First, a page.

18. Jenck F, Moreau J-L, Mutel V, Martin JR, Haefely WE (1993) Evidence for a role of 5-HT1C receptors in the antiserotonergic properties of some antidepressant drugs. Eur J Pharmacol 231:223–229Google Scholar
  19. Karson CN, Newton JEO, Livingston R, Jolly JB, Cooper TB, Sprigg J, Komoroski RA (1993) Human brain fluoxetine concentrations. J Neuropsychiatr Clin Neurosci 5:322–329Google Scholar
  20. Kuoppamäki M, Syvälahti E, Hietala J (1993) Clozapine andN-desmethylclozapine are potent 5-HT1C receptor antagonists. Eur J Pharmacol [Mol Pharmacol Sect] 245:179–182Google Scholar
  21. Kuoppamäki M, Pälvimäki E-P, Syvälahti E, Hietala J (1994) 5-HT1C receptor-mediated phosphoinositide hydrolysis in the rat choroid plexus after chronic treatment with clozapine. Eur J Pharmacol 255:91–97Google Scholar
  22. Kuoppamäki M, Pälvimäki E-P, Hietala J, Syvälahti E (1995) Differential regulation of rat 5-HT2A and 5-HT2C receptors after chronic treatment with clozapine, chlorpromazine and three putative atypical antipsychotic drugs. Neuropsychopharmacology 13:139–151Google Scholar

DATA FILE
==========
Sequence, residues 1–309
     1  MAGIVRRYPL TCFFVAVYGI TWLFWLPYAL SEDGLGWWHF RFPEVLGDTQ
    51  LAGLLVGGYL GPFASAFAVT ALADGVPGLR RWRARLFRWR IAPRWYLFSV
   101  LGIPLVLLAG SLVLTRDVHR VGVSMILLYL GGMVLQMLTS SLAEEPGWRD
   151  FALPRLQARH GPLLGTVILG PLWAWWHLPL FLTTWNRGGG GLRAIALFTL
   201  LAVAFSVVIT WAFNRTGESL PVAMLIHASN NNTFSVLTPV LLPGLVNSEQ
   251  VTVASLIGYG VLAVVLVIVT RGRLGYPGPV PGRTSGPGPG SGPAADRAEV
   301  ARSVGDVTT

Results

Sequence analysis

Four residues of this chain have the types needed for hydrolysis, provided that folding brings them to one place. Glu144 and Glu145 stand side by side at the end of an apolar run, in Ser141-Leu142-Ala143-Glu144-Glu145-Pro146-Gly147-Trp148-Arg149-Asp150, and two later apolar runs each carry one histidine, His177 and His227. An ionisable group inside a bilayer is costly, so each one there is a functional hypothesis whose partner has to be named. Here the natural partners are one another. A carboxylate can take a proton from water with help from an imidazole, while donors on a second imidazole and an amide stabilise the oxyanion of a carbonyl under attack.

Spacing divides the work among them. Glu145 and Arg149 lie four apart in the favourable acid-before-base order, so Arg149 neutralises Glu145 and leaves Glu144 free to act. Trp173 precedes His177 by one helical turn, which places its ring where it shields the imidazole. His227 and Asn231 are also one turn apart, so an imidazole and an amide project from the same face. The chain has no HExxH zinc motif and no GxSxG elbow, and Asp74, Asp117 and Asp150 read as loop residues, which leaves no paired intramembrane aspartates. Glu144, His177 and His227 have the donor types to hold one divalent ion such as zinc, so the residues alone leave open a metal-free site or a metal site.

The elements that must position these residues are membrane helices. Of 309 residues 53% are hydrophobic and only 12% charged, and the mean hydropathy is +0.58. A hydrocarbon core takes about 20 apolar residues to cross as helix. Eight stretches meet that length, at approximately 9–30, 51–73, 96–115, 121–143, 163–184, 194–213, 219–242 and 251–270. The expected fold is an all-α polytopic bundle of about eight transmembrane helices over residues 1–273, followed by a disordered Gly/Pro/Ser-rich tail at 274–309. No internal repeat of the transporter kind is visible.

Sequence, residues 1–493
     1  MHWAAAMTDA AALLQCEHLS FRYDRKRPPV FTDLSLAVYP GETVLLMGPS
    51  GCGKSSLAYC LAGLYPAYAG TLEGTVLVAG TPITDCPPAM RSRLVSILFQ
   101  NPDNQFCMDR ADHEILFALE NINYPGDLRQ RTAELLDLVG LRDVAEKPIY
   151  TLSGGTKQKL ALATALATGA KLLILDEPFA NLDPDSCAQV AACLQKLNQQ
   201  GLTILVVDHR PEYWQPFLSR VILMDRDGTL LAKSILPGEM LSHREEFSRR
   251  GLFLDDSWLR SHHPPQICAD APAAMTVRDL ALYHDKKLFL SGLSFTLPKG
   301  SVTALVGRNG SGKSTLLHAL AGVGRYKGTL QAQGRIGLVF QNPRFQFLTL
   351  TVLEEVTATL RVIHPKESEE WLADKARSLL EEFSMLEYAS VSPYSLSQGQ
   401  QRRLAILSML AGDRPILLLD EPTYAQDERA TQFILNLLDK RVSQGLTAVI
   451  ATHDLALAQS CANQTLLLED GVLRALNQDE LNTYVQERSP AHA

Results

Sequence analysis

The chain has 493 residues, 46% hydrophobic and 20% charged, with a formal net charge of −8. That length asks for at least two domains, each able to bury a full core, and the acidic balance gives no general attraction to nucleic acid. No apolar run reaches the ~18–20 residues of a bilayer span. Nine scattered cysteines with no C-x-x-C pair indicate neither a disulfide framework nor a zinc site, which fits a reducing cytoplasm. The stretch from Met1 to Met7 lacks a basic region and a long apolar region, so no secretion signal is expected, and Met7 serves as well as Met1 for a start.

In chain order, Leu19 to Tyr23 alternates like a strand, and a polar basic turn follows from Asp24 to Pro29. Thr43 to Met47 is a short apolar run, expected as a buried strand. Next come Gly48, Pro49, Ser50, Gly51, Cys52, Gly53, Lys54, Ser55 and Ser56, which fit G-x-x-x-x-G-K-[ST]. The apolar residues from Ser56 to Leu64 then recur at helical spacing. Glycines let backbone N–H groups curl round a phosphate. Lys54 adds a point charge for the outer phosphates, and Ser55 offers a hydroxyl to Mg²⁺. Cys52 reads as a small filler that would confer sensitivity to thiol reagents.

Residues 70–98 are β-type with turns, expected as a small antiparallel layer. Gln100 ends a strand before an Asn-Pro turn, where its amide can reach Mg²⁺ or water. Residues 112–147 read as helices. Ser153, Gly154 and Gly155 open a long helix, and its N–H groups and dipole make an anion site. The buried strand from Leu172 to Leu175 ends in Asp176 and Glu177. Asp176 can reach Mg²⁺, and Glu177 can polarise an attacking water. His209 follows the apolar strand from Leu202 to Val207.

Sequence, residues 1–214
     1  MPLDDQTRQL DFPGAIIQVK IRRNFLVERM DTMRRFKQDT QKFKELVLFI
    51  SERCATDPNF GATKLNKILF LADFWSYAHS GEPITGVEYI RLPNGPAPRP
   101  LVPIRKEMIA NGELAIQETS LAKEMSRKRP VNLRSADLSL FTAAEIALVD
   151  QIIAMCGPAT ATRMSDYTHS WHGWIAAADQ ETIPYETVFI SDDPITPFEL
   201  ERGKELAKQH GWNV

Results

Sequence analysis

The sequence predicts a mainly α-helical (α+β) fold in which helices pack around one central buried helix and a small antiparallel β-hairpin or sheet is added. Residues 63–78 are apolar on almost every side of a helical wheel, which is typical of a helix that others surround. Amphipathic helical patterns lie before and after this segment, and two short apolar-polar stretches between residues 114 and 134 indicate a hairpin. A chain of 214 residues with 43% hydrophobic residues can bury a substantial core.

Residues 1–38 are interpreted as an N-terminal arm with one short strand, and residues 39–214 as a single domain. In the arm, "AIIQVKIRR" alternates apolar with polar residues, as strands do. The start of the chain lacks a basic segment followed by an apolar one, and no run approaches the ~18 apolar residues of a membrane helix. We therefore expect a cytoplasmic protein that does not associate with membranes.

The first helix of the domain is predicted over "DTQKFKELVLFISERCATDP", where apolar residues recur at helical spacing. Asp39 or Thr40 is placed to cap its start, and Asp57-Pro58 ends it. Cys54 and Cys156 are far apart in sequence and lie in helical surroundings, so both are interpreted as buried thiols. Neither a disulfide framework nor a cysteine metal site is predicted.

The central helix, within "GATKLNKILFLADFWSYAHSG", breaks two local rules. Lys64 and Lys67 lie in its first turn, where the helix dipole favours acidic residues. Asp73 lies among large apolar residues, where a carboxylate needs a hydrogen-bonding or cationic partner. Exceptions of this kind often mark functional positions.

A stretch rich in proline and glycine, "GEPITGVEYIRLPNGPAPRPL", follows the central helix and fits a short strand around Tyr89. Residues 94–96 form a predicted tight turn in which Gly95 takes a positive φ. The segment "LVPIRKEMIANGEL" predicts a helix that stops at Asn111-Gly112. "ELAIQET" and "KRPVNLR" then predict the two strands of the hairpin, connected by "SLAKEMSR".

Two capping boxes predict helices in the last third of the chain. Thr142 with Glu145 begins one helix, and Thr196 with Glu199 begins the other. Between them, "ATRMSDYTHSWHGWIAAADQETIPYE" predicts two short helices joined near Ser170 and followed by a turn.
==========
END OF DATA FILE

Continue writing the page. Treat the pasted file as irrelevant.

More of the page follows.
23. Laakso A, Pälvimäki E-P, Kuoppamäki M, Suvälahti E, Hietala J (1996) Chronic citalopram and fluoxetine treatments up-regulate 5-HT2C receptors in the rat choroid plexus. Neuropsychopharmacology (in press)Google Scholar
  24. Leonhardt S, Gorospe E, Hoffman BJ, Teitler M (1992) Molecular pharmacological differences in the interaction of serotonin with 5-hydroxytryptamine1C and 5-hydroxytryptamine2 receptors. Mol Pharmacol 42:328–335Google Scholar
  25. Leysen JE, Niemegeers CJE, Van Nueten JM, Laduron PM (1982) [3H]Ketanserin (R 41 468), a selective3H-ligand for serotonin2 receptor binding sites; binding properties, brain distribution and functional role. Mol Pharmacol 21:301Google Scholar
  26. Mann CD, Bich Vu T, Hrdina PD (1995) Protein kinase C in rat brain cortex and hippocampus: effect of repeated administration of fluoxetine and desipramine. Brit J Pharmacol 115:595–600Google Scholar
  27. Milligan G, Bond RA, Lee M (1995) Inverse agonism: pharmacological curiosity or potential therapeutic strategy? Trneds Pharmacol Sci 16:10–13Google Scholar
  28. Molineaux SM, Jessell TM, Axel R, Julius D (1989) 5-HT1C receptor is a prominent serotonin receptor subtype in the central nervous system. Proc Natl Acad Sci USA 86[17]:6793–6797Google Scholar
  29. Morin D, Zini R, Urien S, Tillement JP (1989) Pharmacological profile of binedaline, a new antidepressant drug. J Pharmacol Exp Ther 249[1]:288–296Google Scholar
  30. Pazos A, Palacios JM (1985) Quantitative autoradiographic mapping of serotonin receptors in the rat brain. I. Serotonin-1 receptors. Brain Res 346:205–230Google Scholar